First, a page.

China June Flash HSBC PMI Falls to 9-Month Low

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Activity in China's vast factory sector decelerated further in June, a private survey of Chinese manufacturers showed on Thursday, casting a pall on markets and stoking further concerns over the health of the world's second largest economy.

The closely-watched flash estimate of the HSBC China Purchasing Manager's Index (PMI) fell to a nine-month low of 48.3, worse than the final reading of 49.2 in May when the index moved into contractionary territory for the first time in seven months.

A reading above 50 indicates expanding activity and one below 50 signals contraction.

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"I think this is proof that actually there is a deceleration in the Chinese economy," said Frederic Neumann, co-head of Asian Economics Research at HSBC.

"Second quarter (growth) is going to come in below the first quarter and there's no end in sight – because we haven't seen a clear signal that policymakers are stepping up to support the economy."

Neumann was referring to a lack of action from authorities to ease the liquidity crunch in China's financial sector. The seven-day repo rate, which is regarded as a key indicator of market liquidity, soared to a record high of 10.2 percent on Thursday.

According to China watchers, the tight conditions in the money markets have been triggered by a sharp slowdown in foreign exchange inflows and seasonal factors such as last week's three-day public holiday.

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"A central bank can always provide liquidity but the fact that they choose not to suggests that they [policymakers] really want to bring in some interest rate risk back into the economy, make people think twice before overloading themselves with debt," he added.

China's economy grew at its slowest pace for 13 years in 2012 and so far this year economic data has underwhelmed, prompting warnings from market watchers that the country could miss its growth target of 7.5 percent for this year.Ahead of the PMI release, HSBC, which has been bullish on China's economy, also slashed its growth targets for the country. It now expects the economy's gross domestic product to come in at 7.4 percent for this year and for 2014, compared to earlier targets of 8.2 percent and 8.4 percent,respectively.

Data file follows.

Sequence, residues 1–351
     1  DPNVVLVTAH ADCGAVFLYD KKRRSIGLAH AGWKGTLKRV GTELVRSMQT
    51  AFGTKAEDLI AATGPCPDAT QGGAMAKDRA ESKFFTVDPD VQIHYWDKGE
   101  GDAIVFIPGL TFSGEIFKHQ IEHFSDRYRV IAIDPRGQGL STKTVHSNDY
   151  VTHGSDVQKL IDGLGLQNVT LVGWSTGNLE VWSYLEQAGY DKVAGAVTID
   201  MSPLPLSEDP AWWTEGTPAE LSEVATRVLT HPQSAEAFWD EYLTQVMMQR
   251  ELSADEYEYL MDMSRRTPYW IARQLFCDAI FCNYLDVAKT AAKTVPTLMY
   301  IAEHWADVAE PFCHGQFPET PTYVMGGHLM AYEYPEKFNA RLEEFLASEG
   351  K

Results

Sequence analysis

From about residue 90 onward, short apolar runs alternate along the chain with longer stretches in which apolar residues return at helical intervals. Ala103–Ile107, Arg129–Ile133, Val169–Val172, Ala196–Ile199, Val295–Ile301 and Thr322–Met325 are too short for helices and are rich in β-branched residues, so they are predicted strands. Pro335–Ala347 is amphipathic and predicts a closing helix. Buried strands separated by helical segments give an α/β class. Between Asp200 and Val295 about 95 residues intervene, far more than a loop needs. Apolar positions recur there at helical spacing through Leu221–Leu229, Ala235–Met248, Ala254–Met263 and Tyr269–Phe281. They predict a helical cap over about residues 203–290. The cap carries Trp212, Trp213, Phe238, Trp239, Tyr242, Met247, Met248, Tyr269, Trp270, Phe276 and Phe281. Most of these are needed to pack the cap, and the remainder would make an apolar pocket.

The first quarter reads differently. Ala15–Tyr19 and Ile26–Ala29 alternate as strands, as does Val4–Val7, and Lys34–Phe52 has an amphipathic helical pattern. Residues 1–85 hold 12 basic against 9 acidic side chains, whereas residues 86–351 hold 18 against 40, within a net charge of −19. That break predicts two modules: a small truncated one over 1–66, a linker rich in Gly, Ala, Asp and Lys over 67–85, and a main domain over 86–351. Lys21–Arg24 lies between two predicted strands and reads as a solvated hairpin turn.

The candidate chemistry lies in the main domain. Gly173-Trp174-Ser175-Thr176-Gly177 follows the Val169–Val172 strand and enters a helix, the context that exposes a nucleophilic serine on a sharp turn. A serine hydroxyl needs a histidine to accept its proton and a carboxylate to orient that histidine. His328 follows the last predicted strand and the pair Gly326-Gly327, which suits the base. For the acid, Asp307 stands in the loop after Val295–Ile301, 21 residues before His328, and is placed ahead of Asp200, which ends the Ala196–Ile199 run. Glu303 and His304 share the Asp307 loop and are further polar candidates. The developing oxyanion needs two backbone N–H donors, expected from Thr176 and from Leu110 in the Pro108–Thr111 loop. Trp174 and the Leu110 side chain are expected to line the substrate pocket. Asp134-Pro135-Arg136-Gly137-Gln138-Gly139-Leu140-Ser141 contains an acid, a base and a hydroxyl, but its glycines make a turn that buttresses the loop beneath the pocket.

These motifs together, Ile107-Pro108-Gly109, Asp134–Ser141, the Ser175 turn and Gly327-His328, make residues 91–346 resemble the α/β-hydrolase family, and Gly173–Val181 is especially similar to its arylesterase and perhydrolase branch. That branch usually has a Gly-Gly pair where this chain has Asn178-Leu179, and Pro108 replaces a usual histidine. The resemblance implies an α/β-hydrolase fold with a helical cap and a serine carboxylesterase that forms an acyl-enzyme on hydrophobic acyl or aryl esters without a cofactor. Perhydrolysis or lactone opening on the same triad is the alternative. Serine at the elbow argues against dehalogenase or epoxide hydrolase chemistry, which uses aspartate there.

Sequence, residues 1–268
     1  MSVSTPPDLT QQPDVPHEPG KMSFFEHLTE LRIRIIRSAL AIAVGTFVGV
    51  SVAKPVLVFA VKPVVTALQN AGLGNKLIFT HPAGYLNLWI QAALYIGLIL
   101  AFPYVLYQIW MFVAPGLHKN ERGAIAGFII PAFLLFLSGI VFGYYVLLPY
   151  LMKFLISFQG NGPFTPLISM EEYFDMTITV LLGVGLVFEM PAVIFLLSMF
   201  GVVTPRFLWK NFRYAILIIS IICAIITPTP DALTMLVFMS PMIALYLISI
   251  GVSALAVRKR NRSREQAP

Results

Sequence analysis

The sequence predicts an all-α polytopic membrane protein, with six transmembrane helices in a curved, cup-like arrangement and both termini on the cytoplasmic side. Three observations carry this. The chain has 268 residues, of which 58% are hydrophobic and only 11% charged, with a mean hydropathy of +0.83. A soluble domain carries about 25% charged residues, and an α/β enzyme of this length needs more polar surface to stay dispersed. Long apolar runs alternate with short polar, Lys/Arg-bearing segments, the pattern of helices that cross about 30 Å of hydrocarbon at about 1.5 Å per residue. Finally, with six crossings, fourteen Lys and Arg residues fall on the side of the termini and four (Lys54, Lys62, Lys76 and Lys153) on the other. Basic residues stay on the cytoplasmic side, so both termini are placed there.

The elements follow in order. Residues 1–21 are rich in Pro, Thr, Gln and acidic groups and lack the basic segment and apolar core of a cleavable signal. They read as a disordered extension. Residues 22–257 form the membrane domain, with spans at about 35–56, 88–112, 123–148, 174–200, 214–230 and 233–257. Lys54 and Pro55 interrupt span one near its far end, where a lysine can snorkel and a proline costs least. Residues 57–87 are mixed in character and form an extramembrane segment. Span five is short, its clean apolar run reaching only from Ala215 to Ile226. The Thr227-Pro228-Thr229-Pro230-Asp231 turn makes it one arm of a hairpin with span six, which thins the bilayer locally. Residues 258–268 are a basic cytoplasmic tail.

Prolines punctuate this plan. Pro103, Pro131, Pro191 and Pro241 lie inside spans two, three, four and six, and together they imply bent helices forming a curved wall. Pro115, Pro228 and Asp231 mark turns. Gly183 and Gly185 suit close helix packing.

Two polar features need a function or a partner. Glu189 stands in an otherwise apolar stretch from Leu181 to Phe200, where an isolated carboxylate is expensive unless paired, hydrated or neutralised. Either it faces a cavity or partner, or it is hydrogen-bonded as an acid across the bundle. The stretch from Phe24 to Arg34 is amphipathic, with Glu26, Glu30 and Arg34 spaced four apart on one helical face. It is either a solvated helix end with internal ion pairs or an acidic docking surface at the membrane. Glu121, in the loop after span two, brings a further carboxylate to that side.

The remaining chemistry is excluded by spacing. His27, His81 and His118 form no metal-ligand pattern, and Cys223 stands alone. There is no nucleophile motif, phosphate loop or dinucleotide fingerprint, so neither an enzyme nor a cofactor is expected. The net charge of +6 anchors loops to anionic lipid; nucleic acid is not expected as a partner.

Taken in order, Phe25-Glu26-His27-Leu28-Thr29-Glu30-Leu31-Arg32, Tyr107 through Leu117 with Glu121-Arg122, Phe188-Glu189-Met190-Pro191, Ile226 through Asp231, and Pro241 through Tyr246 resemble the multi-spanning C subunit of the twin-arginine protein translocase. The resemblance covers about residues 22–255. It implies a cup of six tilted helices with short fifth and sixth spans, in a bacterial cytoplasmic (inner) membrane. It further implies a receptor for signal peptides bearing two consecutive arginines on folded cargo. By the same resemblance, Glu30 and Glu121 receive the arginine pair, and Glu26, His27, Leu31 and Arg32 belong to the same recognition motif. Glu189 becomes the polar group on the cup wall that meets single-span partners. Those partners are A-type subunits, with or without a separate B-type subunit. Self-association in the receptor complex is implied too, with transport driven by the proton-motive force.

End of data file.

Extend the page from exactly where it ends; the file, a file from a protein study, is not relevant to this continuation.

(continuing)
According to Nomura, who sees a 30 percent probability that Chinese growth will fall below 7 percent in the second half of this year, the fall in the PMI reinforces the downside risk to the economy, but noted that signs aren't pointing to a distressed situation yet.

"Headline activity indicators such as industrial production and fixed asset investment are weak but are not collapsing, while labor market conditions remain tight," Zhiwei Zhang, economist at Nomura in a research note.

"We believe the government is committed to tolerating short-term pain to achieve its policy objectives – containing financial risks and secure sustainable growth in the long term," he added.

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The data exacerbated a sell-off in Asian stocks, which were already lower after the U.S. Federal Reserve on Wednesday suggested the central bank could moderate its bond purchases later this year.

Australian equities led losses by 2 percent, Japan's benchmark Nikkei fell 1 percent, knocked off the previous day's one-week high. Both South Korea's benchmark Kospi and the Shanghai Composite traded at 2013 lows.

The Australian dollar also took a dive, falling to a fresh 33-month low against the greenback on Thursday. The Aussie shed more than a third of a cent to a low of $0.924.

- By's Li Anne Wong; follow her on Twitter: @LiAnneCNBC